There are submissions of events inverting the relationship of audience and performer. But have they really gone beyond the Happening art of the 60's or the current narcissism of pop culture?

One conceptually and technically promising submission was a musical composition running in an online multiuser videogame environment, Shintaro Miyazaka’s Avatar Orchestra. While this was perhaps the most pertinent, the actual results did not make musical maximum use of the medium – the avatars barely move, the worlds don't change, and most importantly, one did not get a compelling sense of action and musical result.

With this I defend the choice of Hans Knudsen's "Cigarette Man", a work I was immediately attracted to for its physicality and fun. A kind of musical robot, a dead man in a wheelchair, made of cigarette packs, with light, smoke, somehow churning out music while the sculpture is hacked and modified. Interaction is direct and does not pass by a computer. It is open, because it is open, not a repurposing of prior musical aesthetic into forced participation.

Knudsen's work is nearly repellant, and it is for this that it invites the audience to take the risk, confront the danger, question the taste, ask themselves what is it, and perhaps understand that it is a musical composition that is unique, and could only be made in the way it has come to life.

> Download Atau Tanakas text

NIELS WINTHER: FUTURISTISK MANDALA
Valgt af Morten Søndergaard, inspektør ved Museet for Samtidskunst i Roskilde


Desværre gør der sig en slags æstetisk dovenskab gældende blandt de fleste, der havde sendt forslag ind. Det er som om, der huserer en skrøne om, at man bare skal ”opleve” værket uden nogen form for indgang eller optakt. Som om vi er væsner, der kan forstå noget uden kontekster eller erkende umiddelbart. Det er i grunden ret naivt, og udtryk for en (sikkert godtroende) slaphed vil jeg mene – og måske endda en arrogance – overfor folk. Den kunne jeg godt forestille mig, ville gavne mange kunstnere at komme lidt til livs.

Kunstneren kunne jo spille op til folks intuitive evner. Der er en meget stor forskel på umiddelbar oplevelse af noget og så spille med intuitionen. Hvis man laver værker, eller udstillinger, og ikke kender denne vigtige forskel, mangler der en dimension i ens arbejde. Det er udtryk for en kvalitet, at man – nemlig – kvalificerer sit arbejde i retning af andre mennesker, kommer dem i møde - ikke nødvendigvis med åbne arme, men med et fast håndtryk. Vi vil noget med det her, det er ikke bare selvoptaget lir. Ikke noget der først og fremmest er lavet for en lille elite af kunstnere og kritikere, der er medlem af ”klubben”. Det skal udover rampen, og én af de ting, som alle mennesker har til fælles, er, at de er i stand til at bruge deres intuition – og også gerne vil spille med, hvis de får lov. Mange kunstnere giver ikke folk lov. Nogle få gør.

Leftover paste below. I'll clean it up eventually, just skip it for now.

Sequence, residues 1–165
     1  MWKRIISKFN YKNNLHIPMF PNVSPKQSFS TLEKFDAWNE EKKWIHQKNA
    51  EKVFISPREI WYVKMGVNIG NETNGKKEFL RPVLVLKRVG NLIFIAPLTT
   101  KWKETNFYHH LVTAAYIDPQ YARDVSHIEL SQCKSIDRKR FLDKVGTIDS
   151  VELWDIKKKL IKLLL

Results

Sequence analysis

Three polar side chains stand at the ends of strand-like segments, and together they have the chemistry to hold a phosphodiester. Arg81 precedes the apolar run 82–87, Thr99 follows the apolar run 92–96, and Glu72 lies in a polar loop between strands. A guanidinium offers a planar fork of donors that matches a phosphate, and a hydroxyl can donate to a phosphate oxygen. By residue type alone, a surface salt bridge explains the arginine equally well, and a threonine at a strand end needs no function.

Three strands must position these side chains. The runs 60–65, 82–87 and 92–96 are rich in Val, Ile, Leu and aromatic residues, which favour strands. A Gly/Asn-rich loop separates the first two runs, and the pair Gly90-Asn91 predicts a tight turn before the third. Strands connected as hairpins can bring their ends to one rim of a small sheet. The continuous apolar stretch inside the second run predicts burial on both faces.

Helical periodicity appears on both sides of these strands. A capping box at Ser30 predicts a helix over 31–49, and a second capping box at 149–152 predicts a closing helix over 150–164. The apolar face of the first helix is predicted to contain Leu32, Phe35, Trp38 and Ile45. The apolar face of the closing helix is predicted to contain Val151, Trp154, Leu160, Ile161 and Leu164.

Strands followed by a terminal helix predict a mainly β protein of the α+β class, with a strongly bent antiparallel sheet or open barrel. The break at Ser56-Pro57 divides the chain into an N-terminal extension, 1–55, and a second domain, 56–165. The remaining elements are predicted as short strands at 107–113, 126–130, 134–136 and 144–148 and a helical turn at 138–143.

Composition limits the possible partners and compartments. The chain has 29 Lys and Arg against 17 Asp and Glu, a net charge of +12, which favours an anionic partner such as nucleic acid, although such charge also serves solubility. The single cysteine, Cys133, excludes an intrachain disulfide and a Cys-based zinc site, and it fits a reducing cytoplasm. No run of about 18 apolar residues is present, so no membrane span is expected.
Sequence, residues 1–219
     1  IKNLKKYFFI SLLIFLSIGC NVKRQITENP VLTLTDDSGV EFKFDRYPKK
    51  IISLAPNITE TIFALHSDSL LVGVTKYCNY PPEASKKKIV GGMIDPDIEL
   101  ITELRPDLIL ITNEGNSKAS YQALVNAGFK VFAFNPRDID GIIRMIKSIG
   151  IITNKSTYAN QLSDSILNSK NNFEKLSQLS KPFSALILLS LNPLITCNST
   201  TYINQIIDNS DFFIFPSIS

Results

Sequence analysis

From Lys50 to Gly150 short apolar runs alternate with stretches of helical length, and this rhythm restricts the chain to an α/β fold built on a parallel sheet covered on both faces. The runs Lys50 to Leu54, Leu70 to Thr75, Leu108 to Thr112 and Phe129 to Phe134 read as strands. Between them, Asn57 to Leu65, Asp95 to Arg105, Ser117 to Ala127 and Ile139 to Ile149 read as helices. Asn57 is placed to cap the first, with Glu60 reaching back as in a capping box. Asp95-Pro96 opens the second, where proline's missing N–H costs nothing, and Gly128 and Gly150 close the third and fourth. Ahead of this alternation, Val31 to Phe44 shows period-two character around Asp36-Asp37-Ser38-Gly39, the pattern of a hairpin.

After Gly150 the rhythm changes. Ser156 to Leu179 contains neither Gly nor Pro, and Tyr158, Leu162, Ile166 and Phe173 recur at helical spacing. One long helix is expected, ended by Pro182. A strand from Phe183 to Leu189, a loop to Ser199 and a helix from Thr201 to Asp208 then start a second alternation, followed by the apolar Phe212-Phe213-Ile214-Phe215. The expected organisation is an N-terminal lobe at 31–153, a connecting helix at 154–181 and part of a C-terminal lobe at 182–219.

Det var faktisk – for nu at sige det ligeud – temmelig strabadserende at komme igennem alle værker, især fordi en del drillede teknisk. Men der var heller ikke lagt nogen som helst spor ud hos de fleste. Ingen bud på tekniske løsninger eller forklaringer – kunstneriske konceptuelle overvejelser var en mangelvare. Så der hang man så udspændt mellem et gabende tomt window (kom så, microsoft, for fanden) med en enkelt lille bitte fil i, og så min kontorstol – dirrende af irritation over det 5. forsøg, der mislykkes, efter at diverse obskure downloads har overbelastet mit netværk – med fingeren på musen. Klik – dømt ude!! 

Der bør være en intuitiv vekselvirkning tilstede mellem produktion og bruger, selv når vi opererer på filniveau! Hvor svært kan det være...

Der var dog især et værk, der skilte sig ud, som jeg vil fremhæve her:

Bag ved vurderingsnummer 17 gemte Niels Winther sig med en Futuristisk mandela – en montage af vidt forskellige lyd- og videosekvenser samt en halvpatetisk sang liret af på hjemmeguitar – halvt spansk / halvt Benny Andersen. Langsomt kryber støj fra hverdag og ”jungle” ind, også bagved den hærdede rytme, som brydes op og forvrænges i stadig mere intense sekvenser. ”Det nu, det er lige nu. kvæk, kvæk.” Meget mærkeligt og nærgående. Til tider er panoreringerne rundt i det private arbejdsværelse med opslagstavle og papirer og stempler m.m. næsten som at gå på opdagelse i en af fortidshulerne i Frankrig. Tingene bliver naive og direkte. Får deres egen historie. Tingene lander på din nethinde uden filter. Her udfordres intuitionen og hverdagsbevidstheden. Mystificerende. Fed kombination af billede og lydside! Og en befriende humor blandet sammen med en sort, sort støj.

> Download Morten Søndergaards text (in danish)


Spor 2007 - festival